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I’ve read an interesting comment on a different post:

I remember when Boy Scout manuals advised "trenching" a tent site- that is, digging a trench around your tent to direct rain water away. Of course, now that would be anathema.

How much different was camping in say 1950 - long before the modern principle of “leave no trace” took hold? Were everyone throwing garbage around, cutting down trees, leaving fires unattended, etc?

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    Your premise is incorrect; "everyone " was not making the mess you describe. Like today, some people made a mess some did not. I went camping with my parents in the 50's, and "policing" the area was standard , in particular ,when leaving. Jul 11 at 20:33
  • What @blacksmith37 said. There is no "before 'leave no trace' took hold". There have long been some who do and some who don't. Any evidence that the proportions have changed, and not just the sheer number of human visitors?
    – Drew
    Jul 21 at 5:47
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So, I can't answer from experience, but there were some significant changes since 1950 regarding the use of national parks.

In the 1960's or so, there was a significant uptick in usage of National Forest primitive areas, on the order of a 3x increase. Recreation visits to National Park Service areas went from 33 million to 172 million over the span of 1950 to 1970. Additionally, visits to US Forest Service lands increased 20x from 1924-1999, from 4.6 million to 900 million. (source)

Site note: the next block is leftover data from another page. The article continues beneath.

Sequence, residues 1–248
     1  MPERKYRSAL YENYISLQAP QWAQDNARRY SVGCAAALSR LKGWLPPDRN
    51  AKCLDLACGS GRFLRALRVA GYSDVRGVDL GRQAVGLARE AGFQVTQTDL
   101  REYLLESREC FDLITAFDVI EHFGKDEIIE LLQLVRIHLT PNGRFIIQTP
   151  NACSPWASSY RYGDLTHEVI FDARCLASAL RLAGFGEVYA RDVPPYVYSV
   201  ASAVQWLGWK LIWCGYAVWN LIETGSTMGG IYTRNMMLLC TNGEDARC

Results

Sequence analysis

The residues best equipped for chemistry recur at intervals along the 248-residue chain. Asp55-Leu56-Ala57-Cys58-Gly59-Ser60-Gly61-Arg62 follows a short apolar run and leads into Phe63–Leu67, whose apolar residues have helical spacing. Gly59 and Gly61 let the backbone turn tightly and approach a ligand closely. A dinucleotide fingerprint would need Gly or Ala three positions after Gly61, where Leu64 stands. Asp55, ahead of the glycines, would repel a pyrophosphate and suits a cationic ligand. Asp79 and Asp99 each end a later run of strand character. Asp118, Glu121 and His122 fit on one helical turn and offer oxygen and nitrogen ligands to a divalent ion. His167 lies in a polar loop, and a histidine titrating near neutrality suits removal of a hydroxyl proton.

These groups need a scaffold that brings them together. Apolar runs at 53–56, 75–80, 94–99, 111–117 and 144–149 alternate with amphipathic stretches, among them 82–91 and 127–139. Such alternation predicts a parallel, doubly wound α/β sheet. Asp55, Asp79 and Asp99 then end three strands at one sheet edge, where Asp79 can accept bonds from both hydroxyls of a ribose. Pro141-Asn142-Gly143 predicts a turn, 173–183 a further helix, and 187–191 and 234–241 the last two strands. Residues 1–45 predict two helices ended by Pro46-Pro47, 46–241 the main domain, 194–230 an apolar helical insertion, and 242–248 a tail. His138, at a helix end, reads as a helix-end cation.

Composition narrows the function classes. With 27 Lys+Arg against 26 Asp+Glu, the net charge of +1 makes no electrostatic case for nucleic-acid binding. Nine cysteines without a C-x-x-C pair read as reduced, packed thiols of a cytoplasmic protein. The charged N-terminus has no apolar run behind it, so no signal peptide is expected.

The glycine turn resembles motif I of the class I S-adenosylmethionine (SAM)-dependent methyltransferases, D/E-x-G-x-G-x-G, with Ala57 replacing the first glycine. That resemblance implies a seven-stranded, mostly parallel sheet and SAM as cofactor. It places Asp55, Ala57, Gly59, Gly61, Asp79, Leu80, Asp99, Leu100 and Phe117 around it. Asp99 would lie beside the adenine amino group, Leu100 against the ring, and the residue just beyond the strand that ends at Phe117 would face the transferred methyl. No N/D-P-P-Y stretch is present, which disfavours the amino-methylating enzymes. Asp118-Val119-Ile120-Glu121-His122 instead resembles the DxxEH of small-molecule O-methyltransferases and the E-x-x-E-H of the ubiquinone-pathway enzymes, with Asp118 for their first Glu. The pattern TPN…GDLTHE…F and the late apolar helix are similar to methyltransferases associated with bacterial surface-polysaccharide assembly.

In summary, the number of people utilizing the outdoors drastically increased in the time period since 1950. As such, it doesn't even require people "throwing garbage around, cutting down trees, leaving fires unattended" to destroy things; things as simple as going off path, which as a single person doesn't change anything, but when that becomes hundreds of people, it adds up noticeably.

Additionally, it's not even unattended campfires, but any campfires at all that will leave noticeable impact. First is simply the number of people scouring the area for dead wood, but also, fires will leave a noticeable, lasting impact on the soil beneath them. I'd say that "leaving fires unattended" isn't just a "Leave No Trace" thing, but a general "don't burn down the forest" thing which people already knew. However, things related to minimizing campfire impact were less well known.

Here's some additional reading comparing past and current National Parks, relating to various aspects. You could also look to see if you can find a camping manual or three from the time period you're interested in, to see what the recommended practices were.

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Not sure about '50's

This ref is from 1969, Canadian Scouts magazine where an advertorial recommended the Bash, Burn and Bury technique.

http://www.thedump.scoutscan.com/dumpextras/othermags/Canadian%20Boy/1969/cb-may69.pdf

In Australia I noticed the change to "leave no trace" in the '70's. Steel beer cans were fairly commonly found abandoned in various states of rust, the change to aluminium reduced that.

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